(An excerpt from Who Do You Think You Are)

The concept of your Zone of Genius (and the corresponding zones of Incompetence, Competence and Excellence) grew out of Gay Hendricks’s book, The Big Leap.

Gay describes the Zone of Genius this way: In this zone, you capitalize on your natural abilities which are innate rather than learned. This is the state in which you get into “flow,” find ceaseless inspiration, and seem to not only come up with work that is distinguished and unique but also do so in a way that excels beyond what anyone else is doing.

Because most of our world functions around what we are doing, we tend to put our attention there. Consequently, people look at these zones (and try to figure out what theirs are) by looking at what they do.

We’ll ask questions like, “What do I do that no one else can do?” and “What do I do that is so effortless I’m not even aware I’m doing it?”

I assert these questions are traps. They immediately narrow your scope down to the world of the doing and completely eliminate the deeper, ontological picture (that is to say, the picture that looks at who you are being in the world).

Here’s one example of the kind of question that leads you in this direction. “What sucks away all your energy? What do you avoid doing? Those things fall outside your Zone of Genius.” (This question is from Dan Sullivan’s book, Unique Ability, another book focused on this concept.)

It seems like a great question since if you avoid doing it, it must not be part of your Zone of Genius. Whether or not Gay intended people to look through this lens, I invite you not to.

Being drained is not a function of the circumstances of your life, the people you’re around, nor the thing you’re currently doing. It is a function of who you are being while you do those things.

Being drained is the result of resisting the expression of your truest self. A function of forcing yourself to show up in a way that is incongruous to who you are. While we think our resistance is related to the task in front of us, the person we are talking to, or the experience we are having, the deeper truth is that your experience of being drained comes from holding and expressing yourself differently when those particular circumstances are present.

Your Zone of Genius is simply a function of your particular essence—your unique way of being. When you are coming from this place, you are operating from your Zone of Genius.

Let’s imagine someone named Reginald who is Brilliant but struggles to own his brilliance powerfully. When he find himself around people that don’t share the trait of brilliance, Reginald tends to dumb himself down (basically being condescending and a little manipulative even if it’s intended from kindness).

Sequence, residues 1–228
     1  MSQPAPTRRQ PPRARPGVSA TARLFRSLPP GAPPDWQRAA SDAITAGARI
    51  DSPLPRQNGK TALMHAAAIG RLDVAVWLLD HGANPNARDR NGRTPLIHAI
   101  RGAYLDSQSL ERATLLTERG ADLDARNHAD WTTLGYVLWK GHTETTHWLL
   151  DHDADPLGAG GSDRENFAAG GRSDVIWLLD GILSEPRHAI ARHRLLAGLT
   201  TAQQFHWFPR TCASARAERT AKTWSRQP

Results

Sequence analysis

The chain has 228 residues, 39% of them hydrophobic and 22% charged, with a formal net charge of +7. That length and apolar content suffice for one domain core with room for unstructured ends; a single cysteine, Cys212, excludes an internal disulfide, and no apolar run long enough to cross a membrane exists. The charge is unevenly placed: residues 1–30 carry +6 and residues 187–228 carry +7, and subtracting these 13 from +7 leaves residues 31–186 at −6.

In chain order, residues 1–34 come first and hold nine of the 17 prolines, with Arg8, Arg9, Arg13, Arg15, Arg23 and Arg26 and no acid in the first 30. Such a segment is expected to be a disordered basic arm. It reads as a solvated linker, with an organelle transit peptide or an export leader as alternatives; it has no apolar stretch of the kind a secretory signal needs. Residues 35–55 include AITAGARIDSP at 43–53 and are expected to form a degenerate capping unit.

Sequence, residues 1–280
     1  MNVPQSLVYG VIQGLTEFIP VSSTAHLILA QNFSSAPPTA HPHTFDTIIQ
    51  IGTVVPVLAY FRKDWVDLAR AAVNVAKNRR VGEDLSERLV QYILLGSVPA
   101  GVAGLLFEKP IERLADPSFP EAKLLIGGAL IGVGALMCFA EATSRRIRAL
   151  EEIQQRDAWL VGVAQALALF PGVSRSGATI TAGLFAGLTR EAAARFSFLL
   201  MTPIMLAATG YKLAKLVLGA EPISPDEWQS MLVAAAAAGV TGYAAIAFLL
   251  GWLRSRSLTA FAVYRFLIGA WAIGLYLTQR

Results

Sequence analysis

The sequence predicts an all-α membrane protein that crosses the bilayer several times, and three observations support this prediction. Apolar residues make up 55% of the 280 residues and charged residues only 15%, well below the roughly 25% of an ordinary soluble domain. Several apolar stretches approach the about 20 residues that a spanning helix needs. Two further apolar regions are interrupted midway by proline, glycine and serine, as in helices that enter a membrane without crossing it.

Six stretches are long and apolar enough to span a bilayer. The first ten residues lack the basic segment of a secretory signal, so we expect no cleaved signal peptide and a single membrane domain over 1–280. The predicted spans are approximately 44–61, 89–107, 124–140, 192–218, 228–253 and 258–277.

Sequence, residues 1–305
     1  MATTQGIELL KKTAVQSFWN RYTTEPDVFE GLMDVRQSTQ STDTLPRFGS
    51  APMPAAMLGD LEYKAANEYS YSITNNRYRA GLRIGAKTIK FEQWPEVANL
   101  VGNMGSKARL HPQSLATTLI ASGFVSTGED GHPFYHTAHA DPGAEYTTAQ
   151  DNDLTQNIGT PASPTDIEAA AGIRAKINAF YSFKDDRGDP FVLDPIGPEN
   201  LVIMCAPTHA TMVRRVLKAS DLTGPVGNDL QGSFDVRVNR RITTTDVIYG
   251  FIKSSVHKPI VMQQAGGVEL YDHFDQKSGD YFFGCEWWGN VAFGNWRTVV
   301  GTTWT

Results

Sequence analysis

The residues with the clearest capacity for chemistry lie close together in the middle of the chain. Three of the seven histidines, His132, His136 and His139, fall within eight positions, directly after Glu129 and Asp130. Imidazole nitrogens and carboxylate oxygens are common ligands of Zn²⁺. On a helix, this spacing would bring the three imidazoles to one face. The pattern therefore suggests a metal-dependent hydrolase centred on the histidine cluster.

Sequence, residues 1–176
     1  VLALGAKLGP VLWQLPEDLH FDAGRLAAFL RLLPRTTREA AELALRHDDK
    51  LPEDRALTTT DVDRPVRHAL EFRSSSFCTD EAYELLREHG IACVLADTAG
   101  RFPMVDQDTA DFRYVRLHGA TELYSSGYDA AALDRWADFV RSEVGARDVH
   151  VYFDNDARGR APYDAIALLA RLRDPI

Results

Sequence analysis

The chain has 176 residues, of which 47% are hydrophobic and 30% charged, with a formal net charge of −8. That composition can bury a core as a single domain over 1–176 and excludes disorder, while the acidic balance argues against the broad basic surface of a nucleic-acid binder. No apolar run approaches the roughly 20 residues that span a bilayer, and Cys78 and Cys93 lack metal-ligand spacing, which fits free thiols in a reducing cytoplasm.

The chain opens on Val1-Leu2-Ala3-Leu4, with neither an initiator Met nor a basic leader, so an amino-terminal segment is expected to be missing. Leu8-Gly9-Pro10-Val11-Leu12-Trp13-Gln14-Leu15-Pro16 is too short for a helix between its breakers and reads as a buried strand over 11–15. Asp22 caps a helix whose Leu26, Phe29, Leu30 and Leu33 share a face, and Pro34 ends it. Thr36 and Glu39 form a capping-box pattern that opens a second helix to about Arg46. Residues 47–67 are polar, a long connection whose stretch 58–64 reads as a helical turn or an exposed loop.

It’s predictable that Reginald will experience his time around these people as draining because he is resisting simply owning the brilliance that he is. This is the same way it would be draining for me to walk around on all fours when my body is designed to be bipedal. Reginald will conclude that being in situations like this one must be outside of his Zone of Genius and then correspondingly arrange his life so that he doesn’t need to spend time with people like this.


Except it’s not. Reginald is just contracting from life and granting more power to his story that he can’t be with certain aspects of life. In reality, Reginald’s Zone of Genius is always available—provided he’s willing to let other people have their own experience (which may include feeling awe or even some intimidation in the presence of his brilliance expressed).

Your Zone of Genius is never a function of what you are doing. It is a function of who you are being while you do whatever is in front of you to do. The gift then is that your Zone of Genius is always available. The bad news of that is that when confronted with a task, person, or circumstance you don’t like and find draining, your job is not to turn away from it, citing it not being in your Zone of Genius as the reason but rather to lean in and ask yourself, “How could I face this circumstance in my life from my deepest, truest ways of being?” This question will deepen your ability to live in your Zone of Genius.

Who Do You Think You Are will point you to your Zone of Genius. The hard part is choosing to be and express these parts of yourself in the areas where you have learned they are not welcome.

For a deeper dive into the concept of your Zone of Genius as well as your Zones of Excellence, Competence, and Incompetence, check out the book The Big Leap by Gay Hendricks.

Who Do You Think You Are is currently scheduled to be published in the next two months.